Is There a Walker Secret Health Exchange Plan?
Open records suggest Walker may propose substandard exchange, setting up a showdown with the Federal Government
With the federal deadline for Wisconsin to decide to create its own health insurance exchange a week away, speculation is turning to whether or not the Walker Administration has developed a secret plan. Despite Governor Walker’s public position that the state would do no planning until after the election, internal documents obtained by Citizen Action of Wisconsin and released Wednesday reveal that a top official told Walker’s Health Services Secretary Dennis Smith that Wisconsin can be prepared to submit it’s blueprint for an exchange on November 16. This suggests that substantial planning may have been taking place behind closed doors, and without input from stakeholders, legislators, and the public.
Governor Walker faces a choice between accepting a federal health insurance exchange, working with the federal government to create a “partnership” exchange, or proposing his own state exchange. Top Walker Administration officials have refused to comment on whether planning for a Wisconsin exchange has has taken place.
However, records obtained by Citizen Action of Wisconsin under the state’s open records law shed light on the direction Walker will take. In June of 2011 Walker’s Office of Free Market Health Care produced a PowerPoint for a briefing of legislators entitled: “Preliminary Plan for Building the Wisconsin Health Insurance Portal and Interchange.” This document is the closest thing we have to a blueprint for the Walker’s Administration’s position on exchanges. From it two key conclusions can be drawn.
(1) Governor Walker is unlikely to opt for a federal exchange in Wisconsin or to develop a partnership exchange with the federal government. The Walker Administration is hostile to the creation of a federal health insurance exchange. Citing the original executive order creating the Office of Free Market Health Care, the document refers to “protecting Wisconsin from the establishment of a federal health benefit exchange” and makes it an explicit goal “to minimize federal interference.”
(2) The Walker Administration opposes the minimum consumer standards mandated in the Affordable Care Act for insurance sold on health insurance exchanges. It complains in its preliminary plan of a “one size fits all approach,” that minimum coverage standards “will force” consumers and employers “to purchase richer benefits” or to “buy up,” and proposes to “allow all current plans to be marketed” on the exchange, and to “open [the exchange] to the development of new products.” This would mean allowing plans which do not meet minimum federal standards for coverage, or cost sharing, on to the exchange. The document also makes a selective use of MIT Professor Jonathan Gruber’s actuarial analysis of the impact of the Affordable Care Act in Wisconsin to argue that some individuals and small groups will pay more, strongly suggesting that they will seek to design an exchange that permits the sale of lower quality insurance that does would not meet minimum standards. Citizen Action of Wisconsin has previously critiqued the Walker Administration’s use of Dr. Gruber’s analysis.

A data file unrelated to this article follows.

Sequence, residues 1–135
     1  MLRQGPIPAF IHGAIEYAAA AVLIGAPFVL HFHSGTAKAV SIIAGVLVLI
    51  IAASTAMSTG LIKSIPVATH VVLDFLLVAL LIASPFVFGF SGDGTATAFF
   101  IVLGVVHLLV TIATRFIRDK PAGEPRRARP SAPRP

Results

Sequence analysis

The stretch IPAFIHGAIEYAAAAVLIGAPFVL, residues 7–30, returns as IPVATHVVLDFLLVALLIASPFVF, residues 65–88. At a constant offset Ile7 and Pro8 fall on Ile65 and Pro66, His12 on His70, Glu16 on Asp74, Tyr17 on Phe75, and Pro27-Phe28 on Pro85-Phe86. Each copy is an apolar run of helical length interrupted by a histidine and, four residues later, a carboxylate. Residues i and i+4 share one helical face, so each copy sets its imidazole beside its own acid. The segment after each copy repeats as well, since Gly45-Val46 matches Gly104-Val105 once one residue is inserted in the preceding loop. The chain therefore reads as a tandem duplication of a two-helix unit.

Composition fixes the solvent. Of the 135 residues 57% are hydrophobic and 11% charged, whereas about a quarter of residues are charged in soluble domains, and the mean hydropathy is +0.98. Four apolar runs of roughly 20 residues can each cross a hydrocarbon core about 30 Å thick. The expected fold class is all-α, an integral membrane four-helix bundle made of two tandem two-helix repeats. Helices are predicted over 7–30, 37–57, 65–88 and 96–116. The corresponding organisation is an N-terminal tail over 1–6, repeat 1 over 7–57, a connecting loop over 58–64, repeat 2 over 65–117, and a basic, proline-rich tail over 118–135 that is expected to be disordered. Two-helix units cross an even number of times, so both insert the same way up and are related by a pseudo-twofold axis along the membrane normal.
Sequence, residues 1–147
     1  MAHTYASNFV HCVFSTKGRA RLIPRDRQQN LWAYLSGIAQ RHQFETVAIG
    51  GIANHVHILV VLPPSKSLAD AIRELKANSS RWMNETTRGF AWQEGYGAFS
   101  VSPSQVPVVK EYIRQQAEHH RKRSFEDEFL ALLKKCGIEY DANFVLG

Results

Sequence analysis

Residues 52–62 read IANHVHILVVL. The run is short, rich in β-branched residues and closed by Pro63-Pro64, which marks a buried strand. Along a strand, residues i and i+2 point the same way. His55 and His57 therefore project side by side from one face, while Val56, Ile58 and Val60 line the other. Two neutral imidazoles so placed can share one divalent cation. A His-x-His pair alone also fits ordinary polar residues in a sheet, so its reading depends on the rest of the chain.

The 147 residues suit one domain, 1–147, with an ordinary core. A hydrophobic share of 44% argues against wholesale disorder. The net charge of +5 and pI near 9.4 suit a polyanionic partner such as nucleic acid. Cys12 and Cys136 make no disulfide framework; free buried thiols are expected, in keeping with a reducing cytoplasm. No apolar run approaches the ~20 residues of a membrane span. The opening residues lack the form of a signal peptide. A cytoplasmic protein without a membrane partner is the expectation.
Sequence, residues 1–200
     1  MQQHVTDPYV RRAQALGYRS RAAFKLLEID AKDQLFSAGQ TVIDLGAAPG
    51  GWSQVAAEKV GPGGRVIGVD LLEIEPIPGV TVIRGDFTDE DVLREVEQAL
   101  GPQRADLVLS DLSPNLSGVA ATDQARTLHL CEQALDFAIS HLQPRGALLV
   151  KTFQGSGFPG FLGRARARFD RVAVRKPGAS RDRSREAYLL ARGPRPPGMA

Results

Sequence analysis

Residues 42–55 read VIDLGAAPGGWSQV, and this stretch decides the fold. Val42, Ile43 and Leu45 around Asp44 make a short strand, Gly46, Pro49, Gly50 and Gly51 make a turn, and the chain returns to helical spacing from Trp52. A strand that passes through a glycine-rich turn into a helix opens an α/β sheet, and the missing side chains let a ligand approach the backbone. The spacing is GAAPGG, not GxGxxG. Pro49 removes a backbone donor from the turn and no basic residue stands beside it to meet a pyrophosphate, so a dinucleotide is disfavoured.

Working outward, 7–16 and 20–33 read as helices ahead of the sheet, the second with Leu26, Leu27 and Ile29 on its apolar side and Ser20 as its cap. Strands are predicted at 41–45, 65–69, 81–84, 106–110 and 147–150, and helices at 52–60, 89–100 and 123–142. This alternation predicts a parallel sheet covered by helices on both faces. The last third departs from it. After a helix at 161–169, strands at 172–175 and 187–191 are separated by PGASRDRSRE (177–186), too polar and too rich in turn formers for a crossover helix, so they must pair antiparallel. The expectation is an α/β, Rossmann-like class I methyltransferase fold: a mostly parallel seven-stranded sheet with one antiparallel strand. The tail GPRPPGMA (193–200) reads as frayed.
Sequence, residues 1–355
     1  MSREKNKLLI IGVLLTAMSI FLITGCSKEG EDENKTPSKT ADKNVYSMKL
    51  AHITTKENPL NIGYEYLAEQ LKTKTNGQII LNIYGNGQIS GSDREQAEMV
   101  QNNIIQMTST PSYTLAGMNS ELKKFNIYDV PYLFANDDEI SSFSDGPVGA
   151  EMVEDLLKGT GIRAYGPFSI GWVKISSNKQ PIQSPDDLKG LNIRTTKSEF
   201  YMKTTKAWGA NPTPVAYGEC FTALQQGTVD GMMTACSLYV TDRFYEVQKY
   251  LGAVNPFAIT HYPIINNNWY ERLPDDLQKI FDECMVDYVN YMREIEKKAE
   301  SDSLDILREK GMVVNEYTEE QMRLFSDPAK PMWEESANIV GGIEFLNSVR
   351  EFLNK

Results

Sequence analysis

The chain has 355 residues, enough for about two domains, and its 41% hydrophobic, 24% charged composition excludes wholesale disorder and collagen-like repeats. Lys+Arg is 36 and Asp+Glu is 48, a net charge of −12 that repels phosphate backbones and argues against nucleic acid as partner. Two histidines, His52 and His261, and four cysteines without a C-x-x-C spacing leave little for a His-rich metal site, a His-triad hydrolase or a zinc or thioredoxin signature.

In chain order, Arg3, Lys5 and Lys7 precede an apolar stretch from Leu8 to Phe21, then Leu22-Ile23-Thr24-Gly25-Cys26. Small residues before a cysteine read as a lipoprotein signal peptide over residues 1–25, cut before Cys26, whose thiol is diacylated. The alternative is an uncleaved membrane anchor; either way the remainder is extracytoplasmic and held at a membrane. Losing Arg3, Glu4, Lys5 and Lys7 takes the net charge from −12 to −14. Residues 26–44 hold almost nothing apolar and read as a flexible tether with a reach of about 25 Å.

“The Walker Administration is clearly in a bind because it does not want a federal exchange nor does it want a state exchange which meets minimum consumer protection standards,” said Robert Kraig, Executive Director of Citizen Action of Wisconsin. “Based on the record, our concern is that the Walker Administration will try to square the circle by submitting a plan for a substandard exchange which allows health insurers to sell inferior insurance. This could set up a showdown between Walker and federal authorities that could further delay planning for the implementation of health care reform in Wisconsin.”
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